- The Washington Times - Wednesday, November 26, 2008

Do not be fooled by the Wizards 124, Warriors 100 in Tony Cheng’s neighborhood on Tuesday night.

We now know the remedy for the ailing Wizards, and it was not a coaching change.

It was a team that plays worse defense than the Wizards. The Warriors came into the game with the second-worst defense in the NBA, just two places ahead of the defensively challenged Wizards.

Otherwise, the challenge before interim coach Ed Tapscott remains daunting.

His is change we cannot believe in at this point, not unless Tapscott has a magic wand in his bag of coaching tricks.

Tapscott wants to improve the defense and the physicality of the Wizards, which is fair enough.

Eddie Jordan was forever preaching defense during his tenure. He preached it to the point that Gilbert Arenas, in one famous instance, decided to neglect his offense and focus all his energies and attention on defense. After the loss, a clearly annoyed Arenas, in one of his out-of-body verbal excursions, discussed how it now was all about playing defense and blah, blah, blah.

The Jordan-Arenas dynamic was just one of the curious aspects of the team. Arenas knew that he became who he was in part because of the freedom he was allowed in Jordan’s system.

But Arenas, who lives on his own planet, did not always embrace the advice of Jordan or the assistant coaches. That included being committed to playing defense.

Now it is up to Tapscott to reach Arenas - if Arenas ever returns to duty.

Tapscott also must do lots of other hard work if he is to interest the Wizards in defense.

Tapscott must find a way to grant late growth spurts to both Dee Brown and Juan Dixon.

Brown, who is listed as a 6-footer, is closer to 5-10. He sometimes finds himself in compromising positions, such as being forced to defend either 6-5 Kelenna Azubuike or 6-8 Stephen Jackson in the first game of the post-Jordan era.

Dixon, as has been noted a zillion times, is a shooting guard trapped in the body of a point guard. It is not a stretch to say that both players possibly would not be in the NBA if not for their salary cap-friendly contracts, which appealed to the Wizards.

Tapscott also will need to encourage Antonio Daniels and Darius Songaila to get rid of their cement shoes. Perhaps if Daniels and Songaila are able to secure a pair of shoes that do not have cement in their soles, they will be able move better laterally and cut off ball-handlers looking to drive to the basket.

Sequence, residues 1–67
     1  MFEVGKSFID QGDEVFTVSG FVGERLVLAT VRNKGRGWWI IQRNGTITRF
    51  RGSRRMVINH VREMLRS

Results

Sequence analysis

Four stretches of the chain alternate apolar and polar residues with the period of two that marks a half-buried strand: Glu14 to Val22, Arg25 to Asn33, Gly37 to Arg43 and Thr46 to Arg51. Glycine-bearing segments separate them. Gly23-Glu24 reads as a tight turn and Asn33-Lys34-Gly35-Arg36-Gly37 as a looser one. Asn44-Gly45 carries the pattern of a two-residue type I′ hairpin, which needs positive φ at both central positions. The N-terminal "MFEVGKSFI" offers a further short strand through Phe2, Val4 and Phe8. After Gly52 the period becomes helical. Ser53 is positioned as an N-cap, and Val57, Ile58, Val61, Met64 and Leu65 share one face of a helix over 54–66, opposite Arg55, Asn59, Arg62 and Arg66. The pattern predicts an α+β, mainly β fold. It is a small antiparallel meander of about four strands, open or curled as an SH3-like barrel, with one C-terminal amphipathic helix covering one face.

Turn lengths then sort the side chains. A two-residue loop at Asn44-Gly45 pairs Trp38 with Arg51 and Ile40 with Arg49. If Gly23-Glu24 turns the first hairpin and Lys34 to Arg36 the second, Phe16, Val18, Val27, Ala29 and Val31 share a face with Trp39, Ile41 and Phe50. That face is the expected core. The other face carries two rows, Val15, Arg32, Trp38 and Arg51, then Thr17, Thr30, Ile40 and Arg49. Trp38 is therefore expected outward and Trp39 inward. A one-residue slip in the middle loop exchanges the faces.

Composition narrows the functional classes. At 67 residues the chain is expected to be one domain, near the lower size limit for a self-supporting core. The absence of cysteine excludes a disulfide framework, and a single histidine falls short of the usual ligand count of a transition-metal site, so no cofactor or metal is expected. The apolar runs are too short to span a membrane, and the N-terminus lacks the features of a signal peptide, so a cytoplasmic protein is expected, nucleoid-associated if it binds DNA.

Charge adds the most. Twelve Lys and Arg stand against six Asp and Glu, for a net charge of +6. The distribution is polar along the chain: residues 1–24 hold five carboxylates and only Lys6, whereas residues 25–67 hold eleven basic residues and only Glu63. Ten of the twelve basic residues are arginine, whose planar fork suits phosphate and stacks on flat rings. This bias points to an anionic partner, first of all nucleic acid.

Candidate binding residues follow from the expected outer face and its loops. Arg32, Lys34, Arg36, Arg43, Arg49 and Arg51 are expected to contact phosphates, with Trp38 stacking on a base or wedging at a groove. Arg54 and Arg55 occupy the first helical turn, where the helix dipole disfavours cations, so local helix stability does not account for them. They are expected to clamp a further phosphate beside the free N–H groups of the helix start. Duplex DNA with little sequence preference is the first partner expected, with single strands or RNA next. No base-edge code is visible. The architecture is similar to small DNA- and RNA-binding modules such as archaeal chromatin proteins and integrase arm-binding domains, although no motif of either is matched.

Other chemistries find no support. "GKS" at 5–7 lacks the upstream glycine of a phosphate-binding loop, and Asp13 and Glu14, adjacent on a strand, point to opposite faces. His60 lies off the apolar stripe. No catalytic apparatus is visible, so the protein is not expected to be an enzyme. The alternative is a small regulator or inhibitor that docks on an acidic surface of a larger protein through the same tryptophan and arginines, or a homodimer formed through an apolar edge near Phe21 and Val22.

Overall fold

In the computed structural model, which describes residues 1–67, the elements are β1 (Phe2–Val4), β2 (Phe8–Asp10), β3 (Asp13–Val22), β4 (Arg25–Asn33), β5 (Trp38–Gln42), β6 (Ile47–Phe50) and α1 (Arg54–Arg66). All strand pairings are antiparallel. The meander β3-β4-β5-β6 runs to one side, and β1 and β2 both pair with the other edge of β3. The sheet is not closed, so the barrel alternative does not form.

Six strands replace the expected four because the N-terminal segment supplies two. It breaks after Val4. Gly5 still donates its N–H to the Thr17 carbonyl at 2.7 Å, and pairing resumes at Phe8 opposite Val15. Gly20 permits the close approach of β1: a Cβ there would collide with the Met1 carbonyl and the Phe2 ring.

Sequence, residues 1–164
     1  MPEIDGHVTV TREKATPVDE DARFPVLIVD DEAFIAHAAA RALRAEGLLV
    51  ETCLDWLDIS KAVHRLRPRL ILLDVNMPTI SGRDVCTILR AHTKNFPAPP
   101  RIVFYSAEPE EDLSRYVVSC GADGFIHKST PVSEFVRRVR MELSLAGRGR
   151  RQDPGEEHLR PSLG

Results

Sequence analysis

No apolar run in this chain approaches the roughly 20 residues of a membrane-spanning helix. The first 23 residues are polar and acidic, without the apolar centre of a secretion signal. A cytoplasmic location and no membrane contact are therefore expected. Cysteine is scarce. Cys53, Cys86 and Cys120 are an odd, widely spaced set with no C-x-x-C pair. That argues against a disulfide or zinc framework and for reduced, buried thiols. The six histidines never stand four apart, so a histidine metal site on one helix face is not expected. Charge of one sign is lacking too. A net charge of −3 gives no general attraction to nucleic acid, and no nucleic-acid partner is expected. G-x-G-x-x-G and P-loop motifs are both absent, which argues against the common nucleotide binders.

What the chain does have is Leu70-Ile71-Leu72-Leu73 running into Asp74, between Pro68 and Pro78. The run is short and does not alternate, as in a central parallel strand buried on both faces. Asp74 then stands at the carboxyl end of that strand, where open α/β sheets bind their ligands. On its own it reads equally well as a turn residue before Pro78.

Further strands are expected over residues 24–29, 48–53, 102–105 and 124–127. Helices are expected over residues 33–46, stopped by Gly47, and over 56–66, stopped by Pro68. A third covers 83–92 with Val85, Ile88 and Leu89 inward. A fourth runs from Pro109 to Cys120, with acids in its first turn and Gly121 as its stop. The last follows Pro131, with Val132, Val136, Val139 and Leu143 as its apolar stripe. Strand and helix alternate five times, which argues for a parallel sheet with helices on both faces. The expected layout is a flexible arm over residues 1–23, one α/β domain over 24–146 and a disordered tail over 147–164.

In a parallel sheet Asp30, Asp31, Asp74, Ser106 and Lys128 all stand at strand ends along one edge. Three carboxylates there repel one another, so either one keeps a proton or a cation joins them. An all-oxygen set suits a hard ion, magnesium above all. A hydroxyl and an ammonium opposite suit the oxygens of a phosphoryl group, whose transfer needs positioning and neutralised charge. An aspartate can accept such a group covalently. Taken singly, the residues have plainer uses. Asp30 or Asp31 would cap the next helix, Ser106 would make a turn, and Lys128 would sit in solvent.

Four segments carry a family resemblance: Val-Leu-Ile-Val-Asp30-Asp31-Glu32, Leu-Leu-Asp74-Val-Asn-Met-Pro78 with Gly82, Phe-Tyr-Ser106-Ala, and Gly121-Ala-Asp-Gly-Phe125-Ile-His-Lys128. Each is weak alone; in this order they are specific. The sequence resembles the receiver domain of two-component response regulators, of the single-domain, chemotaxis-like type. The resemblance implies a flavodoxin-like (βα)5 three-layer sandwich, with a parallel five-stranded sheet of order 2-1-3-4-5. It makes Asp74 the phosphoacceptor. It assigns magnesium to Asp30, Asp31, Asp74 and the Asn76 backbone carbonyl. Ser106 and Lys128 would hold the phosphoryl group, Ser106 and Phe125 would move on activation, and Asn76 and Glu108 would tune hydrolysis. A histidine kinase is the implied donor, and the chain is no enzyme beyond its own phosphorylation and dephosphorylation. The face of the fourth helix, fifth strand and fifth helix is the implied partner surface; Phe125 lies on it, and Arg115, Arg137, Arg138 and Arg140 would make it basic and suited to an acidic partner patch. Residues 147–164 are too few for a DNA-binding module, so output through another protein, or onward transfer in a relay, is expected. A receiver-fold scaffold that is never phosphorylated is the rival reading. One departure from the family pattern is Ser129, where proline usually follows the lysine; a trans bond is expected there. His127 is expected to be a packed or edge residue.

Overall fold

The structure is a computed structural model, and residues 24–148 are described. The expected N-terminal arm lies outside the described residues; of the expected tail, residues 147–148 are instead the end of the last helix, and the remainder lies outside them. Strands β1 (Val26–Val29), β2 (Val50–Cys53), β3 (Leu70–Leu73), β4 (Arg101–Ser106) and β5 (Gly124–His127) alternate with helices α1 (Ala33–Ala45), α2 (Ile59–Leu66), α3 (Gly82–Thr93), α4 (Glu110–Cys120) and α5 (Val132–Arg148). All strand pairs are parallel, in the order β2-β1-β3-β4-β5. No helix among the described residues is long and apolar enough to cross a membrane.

In a related assignment, Tapscott might want to implore Antawn Jamison to add 15 to 20 pounds of muscle, if only to be more physically capable against those who like the rough stuff.

Not that the two-time All-Star is allergic to contact. It is just that sometimes he is physically overmatched at power forward.

JaVale McGee, Nick Young, Dominic McGuire and Oleksiy Pecherov all need time to develop, and in Young’s case, it might behoove Tapscott to remove the blinders attached to Young’s head.

As Tapscott knows full well, blinders are for urban horses and not for a guard with four teammates on the floor.

Tapscott should explore the question of Andray Blatche’s work ethic as well. It is possible that everyone has it all wrong with Blatche. It is possible Blatche has a strong but misguided work ethic, which he exhibits on the city’s dance floors in the wee hours.

If so, Blatche should be informed that he probably is no Rod Strickland, the only player in franchise history able to dance and drink the night away before going to police lockup and then getting bail in time to drop 18 points and 11 assists on the opposition.

They do not make guards like Strickland anymore. He could find the open man with a blurry-eyed blood-alcohol content of 0.20, way over the legal driving limit, on and off the floor.

One last thing for Tapscott: He might pray for a return of good health, something the Wizards have not had the last 22 months.